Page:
Olympus has further increased the E-P2's artistic capabilities by adding two new Art filters on top of the 6 already present in the E-P1 (Pop Art, Soft Focus, Pale and Light Colour, Light Tone, Grainy Film and Pin Hole). This new PEN now sports a diorama effect that imitates a tilt-shift lens and a cross-processsing effect simulating the result of developing a film in chemicals used for a different film type. The E-P2 applies the art effects before taking the picture so you can preview the results in Live View.
The VF-2 viewfinder is included in the price, lenses are extra
I’m a big fan of in-camera effects because they add to the fun of taking pictures and sometimes produce astonishing, unforeseen results. In this respect I loved experimenting with the E-P2 and really had a blast with the magnificent grainy film filter. This worked extremely well with black and white producing high grain and high contrast images in typical documentary style. The only whinge I have is that it takes an awfully long time for the camera to process the shot once a filter is applied, which seriously disrupts the creative experience.
The other major change made with this new PEN release is the addition of full manual capabilities in Movie Mode. The E-P2 records AVI format movies in 30fps 1280x720p HD resolution with extremely good stereo sound quality. Almost all features available to still photography are also accessible in movie mode, which makes for more imaginative movie making.
Unfortunately Olympus decided once more against providing the E-P2 with built-in flash. Olympus’ argument is that most in-camera flashes are not powerful enough – yet curiously there is one on the new PL-1 – and that users can rely on the PEN high ISO settings for most available light situations.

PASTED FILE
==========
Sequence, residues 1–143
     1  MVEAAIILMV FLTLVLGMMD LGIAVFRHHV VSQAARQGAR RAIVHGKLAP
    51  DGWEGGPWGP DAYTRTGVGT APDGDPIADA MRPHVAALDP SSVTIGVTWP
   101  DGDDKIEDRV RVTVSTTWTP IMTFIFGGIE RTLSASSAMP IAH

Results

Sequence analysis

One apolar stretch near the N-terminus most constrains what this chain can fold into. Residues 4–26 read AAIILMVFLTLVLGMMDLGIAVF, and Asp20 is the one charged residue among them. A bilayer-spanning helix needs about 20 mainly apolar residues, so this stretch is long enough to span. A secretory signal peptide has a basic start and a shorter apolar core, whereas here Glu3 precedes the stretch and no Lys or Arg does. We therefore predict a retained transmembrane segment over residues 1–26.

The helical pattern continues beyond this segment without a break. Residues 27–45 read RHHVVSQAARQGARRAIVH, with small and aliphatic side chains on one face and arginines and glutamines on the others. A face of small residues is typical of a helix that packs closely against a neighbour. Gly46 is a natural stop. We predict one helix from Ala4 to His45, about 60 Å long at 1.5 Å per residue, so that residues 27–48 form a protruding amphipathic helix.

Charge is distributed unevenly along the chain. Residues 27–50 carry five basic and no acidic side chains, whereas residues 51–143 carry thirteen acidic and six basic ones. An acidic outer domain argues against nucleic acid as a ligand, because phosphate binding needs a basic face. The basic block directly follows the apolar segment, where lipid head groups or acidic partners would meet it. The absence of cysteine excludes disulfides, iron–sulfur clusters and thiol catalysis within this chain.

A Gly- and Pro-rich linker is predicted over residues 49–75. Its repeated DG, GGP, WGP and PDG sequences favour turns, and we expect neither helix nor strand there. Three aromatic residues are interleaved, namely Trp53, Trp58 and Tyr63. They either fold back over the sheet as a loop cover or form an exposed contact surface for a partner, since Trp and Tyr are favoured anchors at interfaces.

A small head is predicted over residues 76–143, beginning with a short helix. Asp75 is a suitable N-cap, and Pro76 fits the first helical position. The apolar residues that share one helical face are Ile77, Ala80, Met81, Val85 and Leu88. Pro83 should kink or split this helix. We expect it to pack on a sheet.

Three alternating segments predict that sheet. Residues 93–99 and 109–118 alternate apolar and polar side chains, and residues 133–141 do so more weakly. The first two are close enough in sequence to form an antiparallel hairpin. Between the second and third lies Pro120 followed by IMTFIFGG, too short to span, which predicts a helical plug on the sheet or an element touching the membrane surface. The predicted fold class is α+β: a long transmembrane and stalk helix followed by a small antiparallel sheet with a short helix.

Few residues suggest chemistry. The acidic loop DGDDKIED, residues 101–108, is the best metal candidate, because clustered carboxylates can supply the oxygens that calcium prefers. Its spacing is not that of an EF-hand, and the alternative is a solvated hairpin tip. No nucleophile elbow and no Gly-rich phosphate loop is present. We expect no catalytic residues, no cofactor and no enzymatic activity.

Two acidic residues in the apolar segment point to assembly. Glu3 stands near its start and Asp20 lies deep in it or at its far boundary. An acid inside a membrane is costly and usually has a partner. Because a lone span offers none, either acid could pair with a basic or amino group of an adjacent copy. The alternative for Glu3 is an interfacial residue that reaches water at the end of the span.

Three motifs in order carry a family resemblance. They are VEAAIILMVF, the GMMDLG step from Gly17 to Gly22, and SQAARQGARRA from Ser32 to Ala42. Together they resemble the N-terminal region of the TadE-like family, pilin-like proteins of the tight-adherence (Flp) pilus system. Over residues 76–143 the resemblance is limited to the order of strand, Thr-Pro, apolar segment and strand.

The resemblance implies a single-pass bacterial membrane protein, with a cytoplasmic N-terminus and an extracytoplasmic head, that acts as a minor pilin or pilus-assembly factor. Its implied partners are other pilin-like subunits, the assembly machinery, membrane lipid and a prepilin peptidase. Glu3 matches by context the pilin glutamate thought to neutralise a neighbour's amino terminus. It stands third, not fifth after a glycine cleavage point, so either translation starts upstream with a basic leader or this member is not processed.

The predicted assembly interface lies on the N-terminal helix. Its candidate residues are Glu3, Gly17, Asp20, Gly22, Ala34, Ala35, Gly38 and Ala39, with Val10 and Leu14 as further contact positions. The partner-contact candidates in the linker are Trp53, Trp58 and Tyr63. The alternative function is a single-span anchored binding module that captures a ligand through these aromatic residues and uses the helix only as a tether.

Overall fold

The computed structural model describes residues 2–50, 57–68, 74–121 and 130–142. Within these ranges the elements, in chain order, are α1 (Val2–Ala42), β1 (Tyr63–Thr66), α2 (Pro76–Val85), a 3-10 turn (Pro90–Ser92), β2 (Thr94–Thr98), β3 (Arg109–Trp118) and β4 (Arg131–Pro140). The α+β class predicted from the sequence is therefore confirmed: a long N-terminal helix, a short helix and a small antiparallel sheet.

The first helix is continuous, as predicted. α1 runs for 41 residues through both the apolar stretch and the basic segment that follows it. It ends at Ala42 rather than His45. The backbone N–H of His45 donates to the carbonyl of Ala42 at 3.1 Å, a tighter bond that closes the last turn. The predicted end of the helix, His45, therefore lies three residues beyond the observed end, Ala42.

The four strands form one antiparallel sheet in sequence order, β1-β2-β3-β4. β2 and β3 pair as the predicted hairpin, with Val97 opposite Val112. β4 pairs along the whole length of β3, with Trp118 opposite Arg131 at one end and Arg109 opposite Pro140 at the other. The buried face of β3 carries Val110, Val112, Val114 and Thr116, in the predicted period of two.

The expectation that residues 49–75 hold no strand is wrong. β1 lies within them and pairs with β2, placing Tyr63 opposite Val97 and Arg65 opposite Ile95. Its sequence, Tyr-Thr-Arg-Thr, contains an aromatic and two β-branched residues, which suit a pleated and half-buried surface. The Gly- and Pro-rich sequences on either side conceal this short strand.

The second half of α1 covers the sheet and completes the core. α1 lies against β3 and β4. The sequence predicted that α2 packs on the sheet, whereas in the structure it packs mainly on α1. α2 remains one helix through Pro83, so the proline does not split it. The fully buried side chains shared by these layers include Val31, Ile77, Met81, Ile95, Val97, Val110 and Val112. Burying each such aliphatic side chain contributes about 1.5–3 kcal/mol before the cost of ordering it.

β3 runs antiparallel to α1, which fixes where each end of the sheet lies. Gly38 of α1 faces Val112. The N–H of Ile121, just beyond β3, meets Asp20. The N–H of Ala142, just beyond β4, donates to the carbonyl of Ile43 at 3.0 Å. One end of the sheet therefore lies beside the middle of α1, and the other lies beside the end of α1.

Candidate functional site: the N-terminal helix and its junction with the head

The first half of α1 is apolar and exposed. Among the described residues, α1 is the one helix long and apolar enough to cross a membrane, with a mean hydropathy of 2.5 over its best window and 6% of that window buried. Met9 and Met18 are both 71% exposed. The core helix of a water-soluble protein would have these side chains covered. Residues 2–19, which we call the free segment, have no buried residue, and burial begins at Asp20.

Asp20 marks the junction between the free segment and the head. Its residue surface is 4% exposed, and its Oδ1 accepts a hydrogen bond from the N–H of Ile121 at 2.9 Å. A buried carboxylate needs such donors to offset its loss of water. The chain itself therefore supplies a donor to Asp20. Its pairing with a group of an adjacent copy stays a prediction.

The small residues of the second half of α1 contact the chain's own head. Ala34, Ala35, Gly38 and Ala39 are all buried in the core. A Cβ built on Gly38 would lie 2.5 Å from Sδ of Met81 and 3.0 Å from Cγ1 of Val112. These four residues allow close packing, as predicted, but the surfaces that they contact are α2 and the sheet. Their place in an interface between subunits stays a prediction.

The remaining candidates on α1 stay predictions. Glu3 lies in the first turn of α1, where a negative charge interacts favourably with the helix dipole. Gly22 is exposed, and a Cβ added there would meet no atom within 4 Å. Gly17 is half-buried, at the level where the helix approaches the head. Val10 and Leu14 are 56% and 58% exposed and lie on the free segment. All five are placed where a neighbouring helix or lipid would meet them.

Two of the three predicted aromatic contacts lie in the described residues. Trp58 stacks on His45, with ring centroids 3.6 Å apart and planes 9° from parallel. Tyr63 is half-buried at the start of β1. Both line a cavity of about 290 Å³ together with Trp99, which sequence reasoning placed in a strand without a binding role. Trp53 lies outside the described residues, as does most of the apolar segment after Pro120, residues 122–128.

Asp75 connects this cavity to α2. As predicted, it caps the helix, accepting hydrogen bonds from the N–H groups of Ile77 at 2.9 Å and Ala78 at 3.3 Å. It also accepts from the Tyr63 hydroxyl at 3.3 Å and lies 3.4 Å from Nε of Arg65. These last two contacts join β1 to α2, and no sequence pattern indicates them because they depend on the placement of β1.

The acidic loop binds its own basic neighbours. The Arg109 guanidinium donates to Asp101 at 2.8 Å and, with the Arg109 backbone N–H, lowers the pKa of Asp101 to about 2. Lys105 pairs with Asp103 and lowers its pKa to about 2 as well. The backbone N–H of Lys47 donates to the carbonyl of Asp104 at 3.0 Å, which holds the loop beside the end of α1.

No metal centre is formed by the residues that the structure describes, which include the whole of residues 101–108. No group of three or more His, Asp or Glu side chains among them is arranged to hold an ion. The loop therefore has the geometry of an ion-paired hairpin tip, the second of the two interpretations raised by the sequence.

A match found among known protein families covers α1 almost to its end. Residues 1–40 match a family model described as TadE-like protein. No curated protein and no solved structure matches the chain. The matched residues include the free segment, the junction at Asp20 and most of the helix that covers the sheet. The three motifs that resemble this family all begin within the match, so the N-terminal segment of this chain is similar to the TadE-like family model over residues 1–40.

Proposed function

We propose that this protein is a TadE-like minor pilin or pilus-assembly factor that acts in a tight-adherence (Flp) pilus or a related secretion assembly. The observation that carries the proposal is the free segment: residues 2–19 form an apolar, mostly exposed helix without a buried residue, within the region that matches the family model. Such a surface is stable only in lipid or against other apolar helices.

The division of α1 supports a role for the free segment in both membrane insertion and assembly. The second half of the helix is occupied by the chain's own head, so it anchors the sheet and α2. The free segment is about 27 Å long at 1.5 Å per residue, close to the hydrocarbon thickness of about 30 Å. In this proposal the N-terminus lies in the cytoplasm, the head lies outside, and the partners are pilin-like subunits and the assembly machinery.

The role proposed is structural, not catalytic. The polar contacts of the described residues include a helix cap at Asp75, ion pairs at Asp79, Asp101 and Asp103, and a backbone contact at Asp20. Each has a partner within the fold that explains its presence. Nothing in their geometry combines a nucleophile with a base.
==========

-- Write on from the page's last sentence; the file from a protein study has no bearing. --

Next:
While I don’t deny that most built-in flashes do not compare with external flash units Olympus’ argument is flawed in that it does not account for all the fill-in flash use that even a small, built-in unit can give. The lack of built-in flash is even more significant when the cheapest PEN flash system is the retro-styled Olympus FL-14 currently priced at £160.
The external mic will set you back £100
The main advantage of buying into a Micro Four-Thirds system is the ability to use interchangeable lenses without the body bulk of a DSLR. The PEN has a decent range of dedicated quality optics and thanks to available adaptors many lenses from different manufacturers can also be mounted. I have tested the E-P2 with the M.ZUIKO DIGITAL ED 14-42mm F3.5-5.6. It’s possibly one of the smallest and lightest interchangeable zoom lenses currently on the market and one of the better performing ones in its price category.
e-p1 now a steal
Warning : I'm an e-p1 user, and as everybody knows, nobody likes to appear like a fool for his buying decisions, so feel free to think I'm prejudiced in favour of the e-p1.
So, just to address some lapses of the main article :
1) AF. The e-p1 has been brought to par with the e-p2 by the latest (1.4) firmware upgrade. The e-p2 is vastly superior to the originally released e-p1, but who would freeze his camera when bugs are corrected quickly by the manufacturer ? E-p1 still lacks AF tracking, though.
2) Art filters. While the 2 new filters were not ported in-body to the e-p1, Olympus newly released raw software 'Viewer 2' allows e-p1 owners to apply said filters afterward while post processing their pictures. Nice touch here Olympus.
3) MF focusing of legacy lenses is perfectly adequate on the back lcd. This lcd may not be as shiny a it is on competing bodies, but don't kid yourself, it's perfectly adequate and contrasts are better than most better spec'd lcds. This is a viewfinder, not a TV set. So if you have no vision troubles, there's no real need to pay 3 time the price (current discounts included) of an e-p1 for an e-p2.